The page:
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Asking the clergy: How can faith ease suffering?

As more tragedies flash across screens of every type of device, it seems natural to think about those experiencing such anguish and wonder how they live through the pain. This week's clergy explain the cushioning comfort of faith.

The Rev. Jude Geiger, Unitarian Universalist Fellowship of Huntington:

For those in immediate crisis, you want religion and faith to help ease them back to a place where they can believe their lives and this world are gifts.

For those who are listening from the sidelines, say watching a newscast, religion is a reminder that there is evil in the world, ways humans fall short. It is our responsibility to listen and

attend to it. It is our responsibility to build a better world. Religion reminds us we should be striving for a better world. Faith has to challenge us to be uncomfortable, so we can strive for a better world. Faith also should be a source of actual comfort, bringing us back to a state of peace, if not happiness.

How strongly one can lean on one's faith depends on the individual. Some people who have not had strong faith may find it in times of difficulty. I don't want to imply that atrocities have a good side. I find in the face of these constant stories of atrocities that meditation helps. I don't mean you close your eyes to what is happening. It doesn't mean you have to change the landscape of your soul.

When you are stuck going over and over something that is in the past, meditation is about quieting your mind. I tell my congregants to think of their mind, their thoughts, as a moving train. You don't have to get on. You can let the train -- your thoughts -- just pass through. This visualization is especially helpful for those in pain and anguish.

Rabbi Sam Krasner, Suburban Park Jewish Center, East Meadow:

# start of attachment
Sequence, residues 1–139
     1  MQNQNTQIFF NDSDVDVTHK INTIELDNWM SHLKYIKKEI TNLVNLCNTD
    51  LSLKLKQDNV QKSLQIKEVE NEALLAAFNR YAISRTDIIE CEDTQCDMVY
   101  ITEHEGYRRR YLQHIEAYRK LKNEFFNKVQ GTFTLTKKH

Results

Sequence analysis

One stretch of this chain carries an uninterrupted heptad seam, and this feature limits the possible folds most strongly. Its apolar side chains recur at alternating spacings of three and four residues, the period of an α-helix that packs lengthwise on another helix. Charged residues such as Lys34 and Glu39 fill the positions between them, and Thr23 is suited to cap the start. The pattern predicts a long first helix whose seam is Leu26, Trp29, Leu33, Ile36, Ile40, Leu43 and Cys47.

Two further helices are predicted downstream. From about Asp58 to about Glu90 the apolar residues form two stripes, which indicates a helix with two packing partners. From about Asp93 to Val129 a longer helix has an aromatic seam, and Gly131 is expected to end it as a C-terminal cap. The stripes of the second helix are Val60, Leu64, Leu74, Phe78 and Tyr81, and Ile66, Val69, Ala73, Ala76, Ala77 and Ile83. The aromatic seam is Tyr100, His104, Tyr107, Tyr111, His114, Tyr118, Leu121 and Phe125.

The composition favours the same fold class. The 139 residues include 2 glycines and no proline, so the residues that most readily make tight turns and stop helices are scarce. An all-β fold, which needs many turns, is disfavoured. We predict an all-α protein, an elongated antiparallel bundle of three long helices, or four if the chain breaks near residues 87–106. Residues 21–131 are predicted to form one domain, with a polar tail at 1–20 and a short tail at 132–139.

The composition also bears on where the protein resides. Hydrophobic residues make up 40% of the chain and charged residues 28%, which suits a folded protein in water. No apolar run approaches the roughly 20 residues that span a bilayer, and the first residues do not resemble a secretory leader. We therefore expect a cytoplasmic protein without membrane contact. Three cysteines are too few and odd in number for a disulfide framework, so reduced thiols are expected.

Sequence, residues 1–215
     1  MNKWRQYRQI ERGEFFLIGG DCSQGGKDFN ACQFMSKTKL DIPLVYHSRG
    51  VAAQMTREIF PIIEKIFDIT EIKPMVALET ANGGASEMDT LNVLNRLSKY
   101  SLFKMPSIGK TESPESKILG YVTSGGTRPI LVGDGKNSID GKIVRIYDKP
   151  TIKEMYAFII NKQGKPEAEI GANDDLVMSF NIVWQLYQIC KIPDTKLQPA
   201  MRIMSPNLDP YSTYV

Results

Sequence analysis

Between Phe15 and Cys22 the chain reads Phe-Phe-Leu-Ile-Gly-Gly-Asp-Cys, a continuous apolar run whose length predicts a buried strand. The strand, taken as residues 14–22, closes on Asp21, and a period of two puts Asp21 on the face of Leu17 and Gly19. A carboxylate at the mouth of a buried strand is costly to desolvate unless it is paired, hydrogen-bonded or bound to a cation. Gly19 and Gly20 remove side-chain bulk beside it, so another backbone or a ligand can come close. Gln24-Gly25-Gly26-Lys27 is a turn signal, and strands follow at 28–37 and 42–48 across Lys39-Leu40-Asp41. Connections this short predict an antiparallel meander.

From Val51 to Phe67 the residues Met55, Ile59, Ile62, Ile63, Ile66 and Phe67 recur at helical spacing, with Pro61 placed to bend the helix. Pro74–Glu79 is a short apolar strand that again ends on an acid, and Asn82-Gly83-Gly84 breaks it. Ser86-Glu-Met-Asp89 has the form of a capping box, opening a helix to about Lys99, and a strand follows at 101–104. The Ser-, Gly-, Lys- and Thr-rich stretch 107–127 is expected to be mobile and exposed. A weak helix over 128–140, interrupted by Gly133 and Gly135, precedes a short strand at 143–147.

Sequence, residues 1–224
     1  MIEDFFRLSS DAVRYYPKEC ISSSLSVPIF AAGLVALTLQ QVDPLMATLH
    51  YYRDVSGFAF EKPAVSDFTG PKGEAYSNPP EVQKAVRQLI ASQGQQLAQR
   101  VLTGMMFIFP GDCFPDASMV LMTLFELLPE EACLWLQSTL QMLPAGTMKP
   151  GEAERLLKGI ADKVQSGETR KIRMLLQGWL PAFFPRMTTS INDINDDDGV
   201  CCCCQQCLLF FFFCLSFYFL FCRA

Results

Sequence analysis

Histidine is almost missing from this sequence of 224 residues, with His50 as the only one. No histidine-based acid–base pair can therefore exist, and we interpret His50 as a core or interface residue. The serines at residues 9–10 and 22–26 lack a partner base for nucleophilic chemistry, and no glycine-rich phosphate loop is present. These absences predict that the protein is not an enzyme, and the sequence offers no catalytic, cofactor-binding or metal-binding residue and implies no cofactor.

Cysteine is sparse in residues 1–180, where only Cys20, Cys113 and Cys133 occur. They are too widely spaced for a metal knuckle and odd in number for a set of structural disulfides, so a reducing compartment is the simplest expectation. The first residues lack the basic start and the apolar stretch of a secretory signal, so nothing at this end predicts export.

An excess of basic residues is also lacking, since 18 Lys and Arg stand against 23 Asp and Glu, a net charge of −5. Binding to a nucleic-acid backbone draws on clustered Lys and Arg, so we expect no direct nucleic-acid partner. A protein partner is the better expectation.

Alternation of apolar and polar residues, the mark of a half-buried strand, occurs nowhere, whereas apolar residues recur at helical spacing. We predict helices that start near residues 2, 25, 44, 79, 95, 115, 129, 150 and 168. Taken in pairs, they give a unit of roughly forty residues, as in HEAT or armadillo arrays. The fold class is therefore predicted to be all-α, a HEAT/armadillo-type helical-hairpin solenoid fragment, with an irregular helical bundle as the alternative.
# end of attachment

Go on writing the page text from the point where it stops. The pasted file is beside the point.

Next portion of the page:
There are things you will never forget, never get over. The atrocities of war, crimes perpetrated against children, against women. Yes, we have freewill, we have a choice. Just as some people choose to do good, others choose to do evil. And, there are those who choose to do nothing in response to evil. Sometimes, to do nothing is to support evil.

I believe very strongly in prayer, but prayer also must lead to things we can do. Histadlut, which means "that what you are able to do, you must do." Yes, you pray to God. Yes, you look to the Torah, but you can't just sit back. You must also be moved to action. Judaism is a religion of action. Yes, it is good to pray. It is good to learn the Torah, which teaches us about morality. We also must take action. Society must move away from devaluing human life, move toward taking a moral view.

It may seem like we cannot directly impact evil that happens halfway around the world. But, by taking a moral view that doesn't accept such acts, you are making an impact. And that act will begin to make you feel better, make you feel that you're not just passively accepting things. We must remember that God gave us this world, and we are in partnership with him in creation. We are responsible for what goes on here.

Sanaa Nadim, Muslim chaplain, Interfaith Center, State University of Stony Brook:

The strength you need to call upon to get through such things comes through faith and experience. When something disastrous or tragic happens, for the faithful person, a mechanism switches on and you go to a survival mode that includes faith. You can allow yourself to feel the pain, then attempt to understand the power that God has over all this, over all things, the power to make things better.

You also must hold fast to the belief that there is something beyond this moment, even beyond this life. There is another dimension, an eternal dimension.

As a chaplain and as one of the grief counselors for EgyptAir Flight 990, which crashed Oct. 31, 1999, in international waters off Nantucket, Mass., I remember counseling families after they had learned the fate of loved ones. Faith and prayer helped to sustain them through the process.

For those who experience uncontrollable and continuous horrors, such as war atrocities and catastrophes, it often is the power of prayer they lean upon. At times, prayer is the only shield you have to survive what you are going through. You seek the calming voice, the peace that faith provides.

Faith helps you understand you can live beyond that terrible moment, must live beyond that moment. And, once faith helps you understand that, you will begin to accept the pain of the moment and then begin to move on from it.


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